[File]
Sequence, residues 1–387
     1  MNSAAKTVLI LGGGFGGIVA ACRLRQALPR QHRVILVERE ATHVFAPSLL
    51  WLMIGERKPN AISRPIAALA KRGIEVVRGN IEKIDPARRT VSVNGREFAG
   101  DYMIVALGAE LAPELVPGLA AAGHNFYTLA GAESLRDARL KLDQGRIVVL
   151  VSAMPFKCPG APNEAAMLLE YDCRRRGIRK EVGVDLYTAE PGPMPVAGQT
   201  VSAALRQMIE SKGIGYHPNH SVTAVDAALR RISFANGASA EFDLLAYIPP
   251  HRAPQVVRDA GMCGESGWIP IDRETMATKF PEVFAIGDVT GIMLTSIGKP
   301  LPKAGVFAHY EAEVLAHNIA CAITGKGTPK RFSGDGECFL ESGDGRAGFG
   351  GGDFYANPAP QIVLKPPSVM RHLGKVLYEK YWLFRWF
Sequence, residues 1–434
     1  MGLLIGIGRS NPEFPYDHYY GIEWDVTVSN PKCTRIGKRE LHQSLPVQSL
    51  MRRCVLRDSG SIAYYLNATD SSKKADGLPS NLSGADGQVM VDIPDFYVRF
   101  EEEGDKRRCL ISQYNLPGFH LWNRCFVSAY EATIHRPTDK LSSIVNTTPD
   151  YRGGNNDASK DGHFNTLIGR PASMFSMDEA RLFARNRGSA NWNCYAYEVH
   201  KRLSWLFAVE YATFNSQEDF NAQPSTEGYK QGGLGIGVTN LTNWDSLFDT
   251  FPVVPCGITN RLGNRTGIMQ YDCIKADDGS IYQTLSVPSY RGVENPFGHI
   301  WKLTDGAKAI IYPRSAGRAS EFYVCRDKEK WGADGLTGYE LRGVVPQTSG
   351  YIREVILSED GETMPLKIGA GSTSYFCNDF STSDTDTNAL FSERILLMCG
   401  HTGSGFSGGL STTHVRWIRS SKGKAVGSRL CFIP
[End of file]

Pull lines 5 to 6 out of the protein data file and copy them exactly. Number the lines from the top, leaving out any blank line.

   151  VSAMPFKCPG APNEAAMLLE YDCRRRGIRK EVGVDLYTAE PGPMPVAGQT
   201  VSAALRQMIE SKGIGYHPNH SVTAVDAALR RISFANGASA EFDLLAYIPP